Thursday’s posts look at sociolinguistics or child language acquisition: accents, stereotypes and how children learn to speak.
What was your first word?
Was it “mama” or “dada”?
If so, I hate to break it to you, but it probably actually wasn’t.
Every child in the world follows the same stages in learning to talk. No matter what culture you were brought up in, or what language you’re learning, you will go through the same stages.
The first noise you made was [ʔ]. That’s a glottal stop; the noise you make when you drop the “t” in better or butter or glottal stop.
Then you wailed.
Everyone loves a good old cry, and children’s cried have been identified into 4 different categories: hunger, discomfort, pain, and not to forget the fake cry.
Then you began to make vowel sounds. Your tongue and lips were too complicated to use, so you just lay on your back and made vowel sounds to yourself.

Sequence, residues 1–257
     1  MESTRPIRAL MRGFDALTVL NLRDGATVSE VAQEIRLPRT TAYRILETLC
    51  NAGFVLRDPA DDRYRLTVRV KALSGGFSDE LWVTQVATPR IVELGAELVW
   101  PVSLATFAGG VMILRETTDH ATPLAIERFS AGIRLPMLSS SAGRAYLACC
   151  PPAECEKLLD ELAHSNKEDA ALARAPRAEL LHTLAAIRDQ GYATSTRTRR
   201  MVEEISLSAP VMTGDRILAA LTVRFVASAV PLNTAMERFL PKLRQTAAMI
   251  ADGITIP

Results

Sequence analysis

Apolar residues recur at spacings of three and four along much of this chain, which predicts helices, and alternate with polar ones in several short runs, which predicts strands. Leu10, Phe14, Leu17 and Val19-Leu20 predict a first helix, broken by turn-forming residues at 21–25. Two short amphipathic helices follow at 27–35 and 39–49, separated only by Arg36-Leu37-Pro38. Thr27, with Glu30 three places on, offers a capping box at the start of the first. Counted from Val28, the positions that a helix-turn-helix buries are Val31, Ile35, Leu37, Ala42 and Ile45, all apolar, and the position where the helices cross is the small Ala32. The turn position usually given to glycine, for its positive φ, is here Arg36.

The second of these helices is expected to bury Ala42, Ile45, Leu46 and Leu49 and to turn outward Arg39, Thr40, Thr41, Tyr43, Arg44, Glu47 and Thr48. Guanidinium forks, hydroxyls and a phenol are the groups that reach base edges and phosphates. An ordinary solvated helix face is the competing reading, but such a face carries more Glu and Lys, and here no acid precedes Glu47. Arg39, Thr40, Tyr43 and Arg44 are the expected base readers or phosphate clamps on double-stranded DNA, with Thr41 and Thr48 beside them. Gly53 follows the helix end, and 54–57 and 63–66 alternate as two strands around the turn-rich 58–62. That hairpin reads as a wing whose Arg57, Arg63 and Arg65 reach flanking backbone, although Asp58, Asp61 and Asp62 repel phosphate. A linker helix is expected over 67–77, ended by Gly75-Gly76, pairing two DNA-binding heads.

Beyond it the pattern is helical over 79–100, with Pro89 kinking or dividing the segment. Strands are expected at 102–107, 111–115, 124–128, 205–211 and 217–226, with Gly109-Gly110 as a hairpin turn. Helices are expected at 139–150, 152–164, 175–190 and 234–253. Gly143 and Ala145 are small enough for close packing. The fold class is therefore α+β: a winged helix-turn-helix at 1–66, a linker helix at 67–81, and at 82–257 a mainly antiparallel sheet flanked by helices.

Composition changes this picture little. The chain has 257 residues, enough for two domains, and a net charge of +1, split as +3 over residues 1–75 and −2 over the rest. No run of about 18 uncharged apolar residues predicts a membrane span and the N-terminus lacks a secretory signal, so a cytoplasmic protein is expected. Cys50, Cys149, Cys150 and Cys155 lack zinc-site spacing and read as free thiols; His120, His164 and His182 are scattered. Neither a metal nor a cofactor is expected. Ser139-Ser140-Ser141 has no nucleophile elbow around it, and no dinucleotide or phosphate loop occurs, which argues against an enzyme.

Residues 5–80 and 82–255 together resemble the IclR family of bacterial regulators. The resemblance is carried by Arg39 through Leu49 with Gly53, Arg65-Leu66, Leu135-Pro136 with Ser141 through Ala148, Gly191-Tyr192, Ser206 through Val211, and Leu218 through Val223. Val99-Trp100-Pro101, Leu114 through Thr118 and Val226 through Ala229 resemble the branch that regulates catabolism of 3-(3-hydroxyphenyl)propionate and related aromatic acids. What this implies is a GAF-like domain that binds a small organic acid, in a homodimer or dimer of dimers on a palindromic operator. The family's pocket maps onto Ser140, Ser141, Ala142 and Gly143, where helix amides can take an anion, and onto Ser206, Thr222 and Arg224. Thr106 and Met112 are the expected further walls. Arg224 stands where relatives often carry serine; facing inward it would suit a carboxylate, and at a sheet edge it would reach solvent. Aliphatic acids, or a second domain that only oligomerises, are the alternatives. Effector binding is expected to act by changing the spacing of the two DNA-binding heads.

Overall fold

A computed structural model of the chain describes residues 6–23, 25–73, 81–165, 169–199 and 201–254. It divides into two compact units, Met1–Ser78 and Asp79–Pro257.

Then you said “mama” or “dada” and your parents jumped for joy. Your first word was about them! And so early on! Actually, you didn’t mean anything.
The mouth is a complicated piece of machinery, think about the amount of noises you can make and ways you can manipulate your mouth. It took a while for you to figure out how to use it.
Easy consonant sounds – b, d, k, l, m, n, p, t – came first, and to make them easier, you stuck a vowel sound between them and repeated that noise for a while. “Mamamama”. Your first word! … Or not.
It wasn’t until you were between 10 and 15 months that you started to associate words with meaning, and finally uttered your first word.